What we mean by “toxic” chemicals... [1,2]
- Major chemical pollutants are dyes and finishes
- Synthetic dyes contain: carcinogenic amines, metals, pentachlorophenol, chlorine bleaching, halogen carriers, formaldehyde, biocides, fire retardants, and softeners
- One example is Azo dyes, which are used in clothing production - these contain various aromatic amines (AAs), it is well known that AAs have carcinogenic and genotoxic properties, as well as allergenic potential.
Why toxic chemical free? [2,3]
- Studies have shown that garments tested from international clothing chains contained thousands of chemicals, some of which were not listed on the producer’s list of included chemicals.
- Some chemicals washed out - which means they can contaminate our water supply
- Most chemicals did not wash out - leading to chronic exposure to the people who wear them.
- Studies have reproduced the findings that some toxins are capable of penetrating human skin and accumulating - suggesting long term health consequences to the people who wear these clothes.
- Chemicals measured included formaldehyde, nanoparticles, phthalates, aromatic amines, quinoline, bisphenols, benzothiazoles and benzotriazoles. The levels were considered high in many of these clothes and were over the limit set by the EU considered as “safe”. Many of these are known mutagens and carcinogens.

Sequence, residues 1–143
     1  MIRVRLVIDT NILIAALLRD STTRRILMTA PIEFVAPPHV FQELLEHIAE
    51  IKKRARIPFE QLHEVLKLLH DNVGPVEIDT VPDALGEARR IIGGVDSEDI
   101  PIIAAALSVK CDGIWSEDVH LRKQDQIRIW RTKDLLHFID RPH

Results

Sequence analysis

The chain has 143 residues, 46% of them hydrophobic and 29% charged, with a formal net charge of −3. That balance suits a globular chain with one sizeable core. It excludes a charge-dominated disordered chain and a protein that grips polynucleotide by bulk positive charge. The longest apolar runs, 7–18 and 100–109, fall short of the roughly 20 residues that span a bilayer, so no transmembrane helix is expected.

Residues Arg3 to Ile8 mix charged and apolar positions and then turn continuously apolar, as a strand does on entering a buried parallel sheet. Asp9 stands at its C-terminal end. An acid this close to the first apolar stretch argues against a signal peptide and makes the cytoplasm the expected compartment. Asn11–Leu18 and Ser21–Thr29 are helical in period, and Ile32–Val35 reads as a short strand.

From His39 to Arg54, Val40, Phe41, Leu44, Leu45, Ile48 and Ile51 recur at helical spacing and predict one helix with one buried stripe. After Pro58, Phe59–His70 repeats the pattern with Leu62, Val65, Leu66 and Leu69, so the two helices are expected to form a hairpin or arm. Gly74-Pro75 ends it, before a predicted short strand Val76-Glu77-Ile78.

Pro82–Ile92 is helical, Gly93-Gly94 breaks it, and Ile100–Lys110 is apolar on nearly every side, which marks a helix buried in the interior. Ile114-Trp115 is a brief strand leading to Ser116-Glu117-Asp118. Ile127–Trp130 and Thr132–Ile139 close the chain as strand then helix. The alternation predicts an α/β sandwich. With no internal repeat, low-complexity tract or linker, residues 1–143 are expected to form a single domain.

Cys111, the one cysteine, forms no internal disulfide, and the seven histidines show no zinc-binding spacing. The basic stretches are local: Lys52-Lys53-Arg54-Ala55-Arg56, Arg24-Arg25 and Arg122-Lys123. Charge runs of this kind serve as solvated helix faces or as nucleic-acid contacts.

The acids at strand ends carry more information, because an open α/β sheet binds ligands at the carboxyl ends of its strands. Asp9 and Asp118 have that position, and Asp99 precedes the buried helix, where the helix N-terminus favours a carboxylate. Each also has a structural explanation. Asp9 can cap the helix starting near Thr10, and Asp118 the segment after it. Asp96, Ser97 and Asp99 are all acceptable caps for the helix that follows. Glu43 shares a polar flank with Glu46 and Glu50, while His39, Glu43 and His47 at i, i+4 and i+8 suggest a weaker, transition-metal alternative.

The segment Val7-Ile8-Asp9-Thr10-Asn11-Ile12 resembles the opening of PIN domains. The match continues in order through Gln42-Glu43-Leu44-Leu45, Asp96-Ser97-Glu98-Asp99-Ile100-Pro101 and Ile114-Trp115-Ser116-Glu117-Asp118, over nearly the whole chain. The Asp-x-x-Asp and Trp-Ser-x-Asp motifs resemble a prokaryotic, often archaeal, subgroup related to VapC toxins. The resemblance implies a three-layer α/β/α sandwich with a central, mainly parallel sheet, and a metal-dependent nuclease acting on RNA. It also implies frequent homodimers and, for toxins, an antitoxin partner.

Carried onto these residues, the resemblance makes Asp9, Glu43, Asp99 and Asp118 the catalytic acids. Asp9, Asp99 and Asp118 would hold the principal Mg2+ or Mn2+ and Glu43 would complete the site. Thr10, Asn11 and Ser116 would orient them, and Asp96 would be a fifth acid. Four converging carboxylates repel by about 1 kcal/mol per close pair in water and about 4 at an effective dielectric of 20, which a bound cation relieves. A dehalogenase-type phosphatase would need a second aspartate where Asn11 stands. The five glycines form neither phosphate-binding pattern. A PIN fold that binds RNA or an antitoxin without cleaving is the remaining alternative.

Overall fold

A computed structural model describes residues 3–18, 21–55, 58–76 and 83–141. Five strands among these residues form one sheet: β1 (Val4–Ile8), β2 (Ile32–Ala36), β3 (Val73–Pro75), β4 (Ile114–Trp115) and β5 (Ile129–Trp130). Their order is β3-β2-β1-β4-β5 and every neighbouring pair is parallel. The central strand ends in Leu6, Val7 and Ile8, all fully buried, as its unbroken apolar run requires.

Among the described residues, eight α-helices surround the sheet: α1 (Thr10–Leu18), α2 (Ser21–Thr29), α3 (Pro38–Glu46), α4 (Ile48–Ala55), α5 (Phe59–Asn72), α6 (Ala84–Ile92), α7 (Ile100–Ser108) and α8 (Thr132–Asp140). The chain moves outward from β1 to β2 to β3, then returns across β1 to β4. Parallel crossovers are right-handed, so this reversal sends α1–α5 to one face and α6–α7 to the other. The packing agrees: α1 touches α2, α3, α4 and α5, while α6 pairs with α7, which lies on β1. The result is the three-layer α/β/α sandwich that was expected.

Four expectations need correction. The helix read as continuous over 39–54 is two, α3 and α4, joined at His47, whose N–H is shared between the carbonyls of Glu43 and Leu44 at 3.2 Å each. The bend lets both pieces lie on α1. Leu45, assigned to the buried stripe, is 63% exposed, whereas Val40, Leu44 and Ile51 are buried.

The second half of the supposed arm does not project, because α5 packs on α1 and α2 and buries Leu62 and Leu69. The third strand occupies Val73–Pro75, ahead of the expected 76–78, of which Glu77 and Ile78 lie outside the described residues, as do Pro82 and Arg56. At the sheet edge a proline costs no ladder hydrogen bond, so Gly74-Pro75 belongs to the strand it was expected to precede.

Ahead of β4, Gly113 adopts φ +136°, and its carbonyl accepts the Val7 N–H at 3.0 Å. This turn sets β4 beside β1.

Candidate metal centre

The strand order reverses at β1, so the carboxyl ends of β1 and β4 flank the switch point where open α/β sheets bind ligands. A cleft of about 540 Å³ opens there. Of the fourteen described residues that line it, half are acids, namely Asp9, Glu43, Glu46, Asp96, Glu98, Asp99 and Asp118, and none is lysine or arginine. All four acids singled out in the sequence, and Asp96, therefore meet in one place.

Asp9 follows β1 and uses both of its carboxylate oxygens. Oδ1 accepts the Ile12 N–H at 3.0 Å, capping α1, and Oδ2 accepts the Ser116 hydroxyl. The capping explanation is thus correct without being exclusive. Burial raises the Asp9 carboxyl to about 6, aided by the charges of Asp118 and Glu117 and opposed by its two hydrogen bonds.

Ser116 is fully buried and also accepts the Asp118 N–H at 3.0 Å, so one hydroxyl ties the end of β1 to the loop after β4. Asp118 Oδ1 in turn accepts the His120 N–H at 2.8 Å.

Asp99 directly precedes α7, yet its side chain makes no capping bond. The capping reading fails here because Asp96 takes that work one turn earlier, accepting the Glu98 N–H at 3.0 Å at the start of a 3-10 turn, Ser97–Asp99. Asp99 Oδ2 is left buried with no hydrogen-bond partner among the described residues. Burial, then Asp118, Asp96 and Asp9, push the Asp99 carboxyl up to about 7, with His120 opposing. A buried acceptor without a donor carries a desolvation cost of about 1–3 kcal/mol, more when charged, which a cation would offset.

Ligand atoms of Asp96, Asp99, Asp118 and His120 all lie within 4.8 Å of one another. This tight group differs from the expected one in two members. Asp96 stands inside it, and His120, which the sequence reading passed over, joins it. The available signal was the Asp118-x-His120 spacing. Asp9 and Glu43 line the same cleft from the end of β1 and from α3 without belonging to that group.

Why do we care about the material - i.e. why do we avoid microplastics? [4,5]
- Synthetic clothing is thought to be the main source of airborne microplastics
- Microplastics have even been found in food destined for human consumption and in air samples.
- The lungs and GI tract are sensitive to stress and inflammation from the inhalation/ingestion of microplastics.
- Microplastics are biopersistant - exhibiting little deterioration even after they accumulate and trigger an immune-mediated response to the foreign material
- Histopathological analysis of lung biopsies from workers in the textile (acrylic, nylon, and polyester) industry showed interstitial fibrosis and foreign-body-containing granulomatous lesions.
- Exposure produces a range of outcomes, including tissue damage, fibrosis, and carcinogenesis.
- Chronic irritation and inflammation may promote cancer as a result of DNA damage (adducts and mutations) caused by oxidative stress and particle's direct action, evasion of detection by the immune system and pro-inflammatory mediators promoting angiogenesis and mitogenesis, favoring the formation and progression of malignant cells
- Rovira, J., & Domingo, J. L. (2018). Human health risks due to exposure to inorganic and organic chemicals from textiles: A review. Environmental Research. doi:10.1016/j.envres.2018.09.027
- Freeman,S. Frontiers in Bioscience, Landmark, 18, 145-164, January 1, 2013
Toxins remain in your clothes. October 23, 2015. Stockholm University
Wright, S. L., & Kelly, F. J. (2017). Plastic and Human Health: A Micro Issue? Environmental Science & Technology, 51(12), 6634–6647. doi:10.1021/acs.est.7b00423
Prata, J. C. (2018). Airborne microplastics: Consequences to human health? Environmental Pollution, 234, 115–126. doi:10.1016/j.envpol.2017.11.043